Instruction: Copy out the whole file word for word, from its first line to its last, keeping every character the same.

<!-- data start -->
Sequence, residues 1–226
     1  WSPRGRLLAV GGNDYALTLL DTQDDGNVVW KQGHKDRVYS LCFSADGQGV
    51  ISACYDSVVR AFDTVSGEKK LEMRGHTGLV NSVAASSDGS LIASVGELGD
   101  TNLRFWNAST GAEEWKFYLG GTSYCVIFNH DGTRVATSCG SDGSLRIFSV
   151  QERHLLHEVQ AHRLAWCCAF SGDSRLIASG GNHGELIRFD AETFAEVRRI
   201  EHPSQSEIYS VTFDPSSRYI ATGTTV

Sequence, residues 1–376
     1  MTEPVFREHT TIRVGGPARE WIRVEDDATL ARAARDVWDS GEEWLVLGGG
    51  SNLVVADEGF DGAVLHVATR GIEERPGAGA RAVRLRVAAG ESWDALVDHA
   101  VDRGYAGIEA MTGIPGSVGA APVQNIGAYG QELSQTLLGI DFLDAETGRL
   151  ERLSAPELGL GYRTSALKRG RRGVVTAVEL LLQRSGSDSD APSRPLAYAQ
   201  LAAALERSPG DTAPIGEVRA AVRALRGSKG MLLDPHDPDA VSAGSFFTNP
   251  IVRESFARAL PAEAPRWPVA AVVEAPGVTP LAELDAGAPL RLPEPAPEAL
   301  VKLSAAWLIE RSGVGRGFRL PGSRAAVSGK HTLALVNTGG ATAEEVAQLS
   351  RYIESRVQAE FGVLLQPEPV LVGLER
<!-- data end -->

Sequence, residues 1–226
     1  WSPRGRLLAV GGNDYALTLL DTQDDGNVVW KQGHKDRVYS LCFSADGQGV
    51  ISACYDSVVR AFDTVSGEKK LEMRGHTGLV NSVAASSDGS LIASVGELGD
   101  TNLRFWNAST GAEEWKFYLG GTSYCVIFNH DGTRVATSCG SDGSLRIFSV
   151  QERHLLHEVQ AHRLAWCCAF SGDSRLIASG GNHGELIRFD AETFAEVRRI
   201  EHPSQSEIYS VTFDPSSRYI ATGTTV

Sequence, residues 1–376
     1  MTEPVFREHT TIRVGGPARE WIRVEDDATL ARAARDVWDS GEEWLVLGGG
    51  SNLVVADEGF DGAVLHVATR GIEERPGAGA RAVRLRVAAG ESWDALVDHA
   101  VDRGYAGIEA MTGIPGSVGA APVQNIGAYG QELSQTLLGI DFLDAETGRL
   151  ERLSAPELGL GYRTSALKRG RRGVVTAVEL LLQRSGSDSD APSRPLAYAQ
   201  LAAALERSPG DTAPIGEVRA AVRALRGSKG MLLDPHDPDA VSAGSFFTNP
   251  IVRESFARAL PAEAPRWPVA AVVEAPGVTP LAELDAGAPL RLPEPAPEAL
   301  VKLSAAWLIE RSGVGRGFRL PGSRAAVSGK HTLALVNTGG ATAEEVAQLS
   351  RYIESRVQAE FGVLLQPEPV LVGLER